About half the prints were produced at the ‘Standard’ quality setting and half at ‘High’ to provide a fair average. If ‘Standard’ were to be used most of the time, the ink cost would reduce from the average, whereas if ‘High’ was used all the time then the costs would be higher. Of course, overall printing costs will reduce by chasing discounted prices less than $20 (plus delivery) per XL cartridge. At that price, it works out at $1.82 per millilitre with an A4 print coming down to about 96 cents and an A3+ print coming down to around $2.60.
Black and White
Black and white printing with a so-called entry-level printer is not usually a wonderful experience. A miniscule amount of ink from the colours becomes involved to produce prints with a slight colour cast.
“This is a very basic machine where The non-inclusions help To presenT an affordable package yeT one ThaT suffers no lack of qualiTy or speed.”
The first test print using ‘greyscale’ delivered a warm tone. Although pleasant enough looking, it was hardly neutral. The second test, still using the same B&W image, was printed as ‘Colour’ using a manual over-ride correction of minus-nine magenta and minus- nine yellow. This produced a far more acceptable result.
There is an alternative where the black ink only can be used… in this case, the black pigment allocated to document printing. The only means of access is to assign ‘Plain Paper’ and ‘Business Document’ and enforce ‘Level Two’ print quality. Of course, inkjet photo paper is still used, despite the ‘Plain Paper’ designation. The end result is a structure of very fine black dots as per illustrations in books and magazines. Strong impact is a keynote. Some improvements may need to be made to brightness and contrast.
The use of the pigment ink on gloss or semi-gloss paper can result in gloss differential and bronzing situations. This may be regarded as a disadvantage to be offset by the far greater print life associated with pigments.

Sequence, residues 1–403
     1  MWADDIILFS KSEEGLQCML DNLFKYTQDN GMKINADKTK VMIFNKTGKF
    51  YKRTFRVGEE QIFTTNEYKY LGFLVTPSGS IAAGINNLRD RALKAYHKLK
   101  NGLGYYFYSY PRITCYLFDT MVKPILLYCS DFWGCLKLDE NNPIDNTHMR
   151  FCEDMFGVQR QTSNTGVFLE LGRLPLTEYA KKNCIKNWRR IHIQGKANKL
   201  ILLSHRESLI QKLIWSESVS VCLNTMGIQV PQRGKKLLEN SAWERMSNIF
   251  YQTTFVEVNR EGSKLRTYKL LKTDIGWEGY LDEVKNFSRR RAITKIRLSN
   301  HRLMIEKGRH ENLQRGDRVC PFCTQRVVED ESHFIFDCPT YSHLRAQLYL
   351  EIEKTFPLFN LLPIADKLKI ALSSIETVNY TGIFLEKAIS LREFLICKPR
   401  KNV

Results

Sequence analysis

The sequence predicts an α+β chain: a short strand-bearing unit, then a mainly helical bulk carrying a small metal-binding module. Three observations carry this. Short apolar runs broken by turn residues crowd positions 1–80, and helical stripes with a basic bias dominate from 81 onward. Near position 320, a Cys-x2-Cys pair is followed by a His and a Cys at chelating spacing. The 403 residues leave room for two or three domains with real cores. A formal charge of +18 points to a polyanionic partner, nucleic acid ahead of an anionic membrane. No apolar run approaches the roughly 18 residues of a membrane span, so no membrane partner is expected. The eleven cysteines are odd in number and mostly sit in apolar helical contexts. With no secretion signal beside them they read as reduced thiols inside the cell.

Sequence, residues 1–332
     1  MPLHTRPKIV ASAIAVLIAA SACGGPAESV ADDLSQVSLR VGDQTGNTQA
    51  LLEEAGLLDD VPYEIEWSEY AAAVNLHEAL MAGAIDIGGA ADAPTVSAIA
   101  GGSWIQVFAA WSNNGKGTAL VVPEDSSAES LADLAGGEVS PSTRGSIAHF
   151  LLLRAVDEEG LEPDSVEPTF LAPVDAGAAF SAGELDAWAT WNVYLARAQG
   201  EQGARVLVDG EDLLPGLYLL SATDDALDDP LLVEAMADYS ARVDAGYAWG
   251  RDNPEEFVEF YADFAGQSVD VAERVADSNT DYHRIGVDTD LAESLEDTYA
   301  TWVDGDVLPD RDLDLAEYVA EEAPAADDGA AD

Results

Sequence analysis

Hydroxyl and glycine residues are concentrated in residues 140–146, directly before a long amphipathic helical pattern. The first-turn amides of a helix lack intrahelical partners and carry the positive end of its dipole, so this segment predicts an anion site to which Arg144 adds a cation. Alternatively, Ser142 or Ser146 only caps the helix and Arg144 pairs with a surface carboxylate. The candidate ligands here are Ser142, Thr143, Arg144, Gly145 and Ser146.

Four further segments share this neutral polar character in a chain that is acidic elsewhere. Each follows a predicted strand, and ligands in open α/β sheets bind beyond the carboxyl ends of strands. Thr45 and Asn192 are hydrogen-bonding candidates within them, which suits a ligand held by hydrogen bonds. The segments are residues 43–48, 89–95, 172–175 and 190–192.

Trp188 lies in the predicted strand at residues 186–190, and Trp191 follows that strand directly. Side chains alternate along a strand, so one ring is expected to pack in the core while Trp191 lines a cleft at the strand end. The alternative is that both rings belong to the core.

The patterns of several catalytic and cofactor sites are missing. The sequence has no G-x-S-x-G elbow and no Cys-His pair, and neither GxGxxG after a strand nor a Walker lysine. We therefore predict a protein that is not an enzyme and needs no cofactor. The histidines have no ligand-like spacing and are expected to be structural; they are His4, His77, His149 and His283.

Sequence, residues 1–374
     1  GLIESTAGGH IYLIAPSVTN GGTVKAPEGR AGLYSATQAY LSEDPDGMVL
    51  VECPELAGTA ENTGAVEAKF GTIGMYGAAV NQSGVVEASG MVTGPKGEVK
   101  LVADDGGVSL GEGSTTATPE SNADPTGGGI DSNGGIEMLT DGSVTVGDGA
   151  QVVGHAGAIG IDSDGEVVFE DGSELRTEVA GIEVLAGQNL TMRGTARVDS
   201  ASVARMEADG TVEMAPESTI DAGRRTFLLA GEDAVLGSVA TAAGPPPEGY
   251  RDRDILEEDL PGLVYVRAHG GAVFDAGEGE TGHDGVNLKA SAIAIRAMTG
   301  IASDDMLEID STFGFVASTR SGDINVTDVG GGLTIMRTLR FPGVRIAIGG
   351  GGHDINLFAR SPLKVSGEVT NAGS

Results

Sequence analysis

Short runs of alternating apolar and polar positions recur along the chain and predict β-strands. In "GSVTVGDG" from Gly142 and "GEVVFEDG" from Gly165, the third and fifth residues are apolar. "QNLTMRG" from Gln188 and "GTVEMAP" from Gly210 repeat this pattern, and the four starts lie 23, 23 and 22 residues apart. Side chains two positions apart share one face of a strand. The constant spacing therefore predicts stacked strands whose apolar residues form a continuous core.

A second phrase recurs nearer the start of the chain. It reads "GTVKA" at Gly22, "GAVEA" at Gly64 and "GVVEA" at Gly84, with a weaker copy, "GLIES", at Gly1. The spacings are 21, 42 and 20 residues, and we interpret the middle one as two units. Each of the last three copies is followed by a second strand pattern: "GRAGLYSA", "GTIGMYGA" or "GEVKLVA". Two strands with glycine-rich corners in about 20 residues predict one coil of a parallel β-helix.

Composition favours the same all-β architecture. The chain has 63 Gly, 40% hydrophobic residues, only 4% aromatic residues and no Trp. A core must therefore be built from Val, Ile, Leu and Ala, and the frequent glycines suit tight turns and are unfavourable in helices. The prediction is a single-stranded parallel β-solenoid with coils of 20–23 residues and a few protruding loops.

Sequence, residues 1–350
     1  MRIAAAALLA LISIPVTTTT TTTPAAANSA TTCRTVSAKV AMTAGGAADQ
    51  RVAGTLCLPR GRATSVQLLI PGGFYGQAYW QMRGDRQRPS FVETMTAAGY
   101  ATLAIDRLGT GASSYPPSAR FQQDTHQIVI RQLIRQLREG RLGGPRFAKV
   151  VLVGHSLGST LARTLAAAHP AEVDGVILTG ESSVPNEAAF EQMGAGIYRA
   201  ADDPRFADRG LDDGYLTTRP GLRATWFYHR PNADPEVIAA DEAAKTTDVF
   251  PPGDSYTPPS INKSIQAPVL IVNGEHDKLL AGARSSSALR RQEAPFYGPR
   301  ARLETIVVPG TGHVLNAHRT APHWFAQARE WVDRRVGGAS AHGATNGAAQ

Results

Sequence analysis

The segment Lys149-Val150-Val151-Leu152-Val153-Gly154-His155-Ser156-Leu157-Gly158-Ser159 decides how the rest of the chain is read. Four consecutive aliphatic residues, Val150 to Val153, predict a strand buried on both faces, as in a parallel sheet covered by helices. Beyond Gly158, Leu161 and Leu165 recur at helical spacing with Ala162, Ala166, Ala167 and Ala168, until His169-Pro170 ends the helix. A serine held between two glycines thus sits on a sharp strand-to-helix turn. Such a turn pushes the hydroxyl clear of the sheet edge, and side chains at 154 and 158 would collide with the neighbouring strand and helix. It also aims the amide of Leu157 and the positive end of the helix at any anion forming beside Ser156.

When a black ink only method is employed, the standard ink spray down or dithering effect is replaced by a fine dot structure. A good magnifying glass will reveal the difference. Black and white printing has a graphic nature where personal choice is involved so it’s up to the individual to experiment and settle on a preferred method for each type of paper.
The PIXMA iP8760 is well constructed, easy to set up and operate, runs quietly and delivers the goods with a minimum of fuss. One of the most appealing factors is that it does not require an in-depth knowledge of colour management to be able to turn out excellent prints. The iP8760 offers exceptional value for the initial outlay and reasonable running costs using the larger XL cartridges. Although the extra features of more expensive printers add convenience, they are not going to lead to better output.
Overall, the iP8760 represents an ideal gateway into the wonderful world of photo printing. For many this printer will satisfy all requirements while for others, it could be the stepping stone to bigger and more sophisticated printers, while still retaining the entry-level Canon as a secondary unit, a specialist gloss print-maker or a D-I-Y photo book printer.
When the first A3+ inkjet printers appeared, they came with big price tags of a thousand dollars or more, 720 dpi print resolutions and expensive four-colour inksets that produced prints which faded quickly. Printer evolution has come a long way since: Models like the iP8760 now offer higher resolution, fast print speeds, long-life inks and good-quality printing. Such progress means enthusiasts hesitant about getting involved in print making can now confidently make the move.
“The iP8760 offerS exCePTIonAL VALue for The InITIAL ouTLAy And reASonAbLe runnIng CoSTS uSIng The LArger xL CArTrIdgeS.”
Canon PIXMa iP8760
The iP8760 shown with the paper support and receiving trays open.
The ‘My Image Garden’ software provides a broad range of printing projects, including photo print, photo layout, collage, cards and calendars.
A ‘Print Preview’ facility is a vital final check for any printer.
The ‘Main’ panel of the printer provides settings for paper type, print quality and colour.
The ‘Maintenance’ panel attends to all manner of printer controls.
The low ink warning means it’s time to organise replacement cartridges.
Graphic representations of the ink levels.
Smart print from your device: Connect your device via PIXMA Cloud Link, Apple AirPrint or Google Cloud Print from anywhere in the world or use Wi-Fi from any computer